Why do some listeners disagree with the idea that the alien is purple? Because of this lyric:

I said Mr. Purple People Eater, what's your line
He said it's eatin' purple people and it sure is fine
But that's not the reason that I came to land
I wanna get a job in a rock and roll band

Oldies expert Dusty Rhodes told the column Ask a Stupid Question, “It would seem as though the color refers to the people being ingested more than the monster.”

A Time magazine article written at the height the song’s popularity declares, “Disk jockeys all over the country have invited their listeners to draw the Purple People Eater (both the jockeys and listeners seemed to miss the fine point that the People Eater is not really purple but merely an eater of purple people).”

That summer, LIFE magazine created a spread featuring some of these drawings, and a photograph in the middle shows Sheb Wooley with a people eater puppet that his wife made. But the photo is in black and white, so we can’t be 100 percent sure that the puppet is purple.


The Answer

I dug through a bunch of archives to get to the bottom of this question. It turns out the song was inspired by a joke another songwriter, Don Robertson, heard from his kids and told to Sheb Wooley.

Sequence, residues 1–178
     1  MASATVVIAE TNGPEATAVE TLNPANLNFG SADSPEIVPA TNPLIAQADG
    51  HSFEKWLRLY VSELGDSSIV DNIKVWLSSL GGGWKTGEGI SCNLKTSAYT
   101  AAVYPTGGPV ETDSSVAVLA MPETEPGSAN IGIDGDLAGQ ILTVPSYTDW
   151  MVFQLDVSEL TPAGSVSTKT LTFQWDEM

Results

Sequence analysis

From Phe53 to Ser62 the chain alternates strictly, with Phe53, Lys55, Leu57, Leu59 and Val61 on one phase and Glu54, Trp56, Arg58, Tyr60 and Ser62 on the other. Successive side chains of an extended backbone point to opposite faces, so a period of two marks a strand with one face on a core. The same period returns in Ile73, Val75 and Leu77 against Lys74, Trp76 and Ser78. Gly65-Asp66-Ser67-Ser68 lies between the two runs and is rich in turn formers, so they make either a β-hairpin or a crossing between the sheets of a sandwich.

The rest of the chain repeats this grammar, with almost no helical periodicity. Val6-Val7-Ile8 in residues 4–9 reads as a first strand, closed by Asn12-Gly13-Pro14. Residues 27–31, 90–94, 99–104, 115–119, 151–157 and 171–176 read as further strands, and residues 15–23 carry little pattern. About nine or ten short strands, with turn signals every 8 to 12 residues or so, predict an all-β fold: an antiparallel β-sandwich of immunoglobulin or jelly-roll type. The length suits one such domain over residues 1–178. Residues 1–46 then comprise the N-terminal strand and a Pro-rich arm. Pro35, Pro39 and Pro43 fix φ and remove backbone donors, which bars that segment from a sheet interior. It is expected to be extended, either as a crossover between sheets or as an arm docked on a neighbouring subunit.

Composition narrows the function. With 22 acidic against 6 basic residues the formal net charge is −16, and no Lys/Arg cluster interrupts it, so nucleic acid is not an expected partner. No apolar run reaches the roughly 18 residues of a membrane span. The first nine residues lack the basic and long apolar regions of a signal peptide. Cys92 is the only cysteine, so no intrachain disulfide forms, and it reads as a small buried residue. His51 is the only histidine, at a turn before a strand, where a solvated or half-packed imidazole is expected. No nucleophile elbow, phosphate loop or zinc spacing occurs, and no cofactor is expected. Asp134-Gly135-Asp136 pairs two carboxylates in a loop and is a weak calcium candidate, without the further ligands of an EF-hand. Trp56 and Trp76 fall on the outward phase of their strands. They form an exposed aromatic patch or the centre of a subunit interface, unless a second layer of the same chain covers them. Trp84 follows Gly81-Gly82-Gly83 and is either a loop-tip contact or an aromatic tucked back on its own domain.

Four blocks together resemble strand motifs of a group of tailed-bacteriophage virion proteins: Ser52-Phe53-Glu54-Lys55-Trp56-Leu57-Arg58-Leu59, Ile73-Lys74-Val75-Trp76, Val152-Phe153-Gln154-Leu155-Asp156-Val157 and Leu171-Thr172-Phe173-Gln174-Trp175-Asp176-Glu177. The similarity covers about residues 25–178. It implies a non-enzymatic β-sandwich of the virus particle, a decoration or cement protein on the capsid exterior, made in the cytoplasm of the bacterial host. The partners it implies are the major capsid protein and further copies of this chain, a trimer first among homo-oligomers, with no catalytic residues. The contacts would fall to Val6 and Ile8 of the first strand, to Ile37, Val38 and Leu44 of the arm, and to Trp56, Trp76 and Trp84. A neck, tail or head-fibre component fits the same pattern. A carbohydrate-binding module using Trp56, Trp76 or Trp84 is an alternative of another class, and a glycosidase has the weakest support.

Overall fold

“What has one eye, one horn, flies, and eats people?”
“A one-eyed, one-horned flying people-eater.”

Wooley decided there was song potential in it. He let it marinate for a few days until “the purple people eater landed in Sheb’s patio. When he saw that part of the riddle was missing—he hadn’t known before that the one-eyed, one-horned fellow was purple—the song was as good as finished,” explains a 1958 Tucson Daily Citizen profile of Wooley. “I could see him sitting on the lawn,” Wooley recalls, “one eye, one horn, and all purple.”**

That same year, a United Press International article quotes Wooley as saying, “I just gave him a color—purple.”***

In 1988, he told the Newspaper Enterprise Association (NEA) that he “added the purple part ‘for color.’”**** The interview was occasioned by the release of the movie, in which, it turns out, Sheb Wooley has a small part. (In addition to being a songwriter, Wooley was an actor who mostly appeared in Westerns, including Rawhide and High Noon.)

It would seem, then, that the songwriter intended the one-eyed, one-horned flying people eater to be purple. I couldn’t find any interviews with Wooley that directly address the line about eatin’ purple people, but I like to imagine that he wrote that lyric to add to the song’s overall zaniness.

“I think we need humor in music,” Wooley explains to the NEA. “I think we need more humor in the world, period. It’s a healing ointment.” If Wooley were still alive, I think he’d be pleased to see what Kimmy Schmidt has done with his song.


* Stack, Peter. “‘Purple People Eater’: Nothing to Sing About.” San Francisco Chronicle 19 Dec. 1988. Web [NewsBank database]. 27 Apr. 2015.

** Campbell, Bob. “The Living End Is Reached.” Tucson Daily Citizen 28 June 1958. Web [Newspaper ARCHIVE Library Edition]. 27 Apr. 2015.

*** United Press International. “Purple People Eater Rates No. 1 on Everybody's List.” Independent Press-Telegram 15 June 1958. Web [Newspaper ARCHIVE Library Edition]. 27 Apr. 2015.

**** Newspaper Enterprise Association. Vare, Ethelie Ann. “Video Update.” The Frederick Post 16 Dec. 1988. Web [Newspaper ARCHIVE Library Edition]. 27 Apr. 2015.